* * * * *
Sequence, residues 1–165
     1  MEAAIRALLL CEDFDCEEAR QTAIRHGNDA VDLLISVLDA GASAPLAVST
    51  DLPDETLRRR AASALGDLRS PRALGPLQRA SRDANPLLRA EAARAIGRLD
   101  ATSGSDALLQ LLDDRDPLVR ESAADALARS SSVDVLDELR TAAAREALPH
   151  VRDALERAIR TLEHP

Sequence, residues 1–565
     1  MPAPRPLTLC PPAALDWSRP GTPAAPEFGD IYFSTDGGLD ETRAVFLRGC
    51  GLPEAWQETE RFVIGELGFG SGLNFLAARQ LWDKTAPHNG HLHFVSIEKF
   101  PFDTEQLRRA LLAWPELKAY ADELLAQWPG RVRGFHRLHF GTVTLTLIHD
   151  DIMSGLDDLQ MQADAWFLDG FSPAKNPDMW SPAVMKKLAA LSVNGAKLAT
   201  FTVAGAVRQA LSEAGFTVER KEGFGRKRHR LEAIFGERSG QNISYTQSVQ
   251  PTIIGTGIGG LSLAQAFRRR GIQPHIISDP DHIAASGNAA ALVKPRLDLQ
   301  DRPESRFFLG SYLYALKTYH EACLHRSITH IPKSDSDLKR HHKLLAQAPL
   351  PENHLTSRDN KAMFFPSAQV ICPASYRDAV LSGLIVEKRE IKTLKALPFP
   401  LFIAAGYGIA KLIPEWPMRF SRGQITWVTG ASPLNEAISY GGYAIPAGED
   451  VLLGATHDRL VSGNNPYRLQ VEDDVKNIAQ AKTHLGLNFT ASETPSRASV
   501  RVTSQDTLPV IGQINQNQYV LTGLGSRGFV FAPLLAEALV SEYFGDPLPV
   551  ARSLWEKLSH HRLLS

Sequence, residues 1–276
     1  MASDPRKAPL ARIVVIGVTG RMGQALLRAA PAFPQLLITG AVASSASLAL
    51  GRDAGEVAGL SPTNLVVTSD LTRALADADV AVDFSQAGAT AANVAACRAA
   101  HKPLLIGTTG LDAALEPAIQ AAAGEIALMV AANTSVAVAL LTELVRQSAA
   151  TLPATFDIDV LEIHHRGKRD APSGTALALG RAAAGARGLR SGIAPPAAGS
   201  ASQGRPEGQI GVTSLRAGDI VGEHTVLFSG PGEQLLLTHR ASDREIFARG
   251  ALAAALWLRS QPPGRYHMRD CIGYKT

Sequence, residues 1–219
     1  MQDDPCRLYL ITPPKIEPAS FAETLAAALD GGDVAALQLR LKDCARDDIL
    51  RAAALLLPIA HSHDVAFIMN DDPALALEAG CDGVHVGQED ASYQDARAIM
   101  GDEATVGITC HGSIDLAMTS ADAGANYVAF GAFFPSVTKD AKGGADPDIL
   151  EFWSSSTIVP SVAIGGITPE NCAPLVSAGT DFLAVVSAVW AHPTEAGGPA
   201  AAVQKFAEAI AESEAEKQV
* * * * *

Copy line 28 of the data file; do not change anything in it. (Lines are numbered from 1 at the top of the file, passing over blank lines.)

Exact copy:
    51  RAAALLLPIA HSHDVAFIMN DDPALALEAG CDGVHVGQED ASYQDARAIM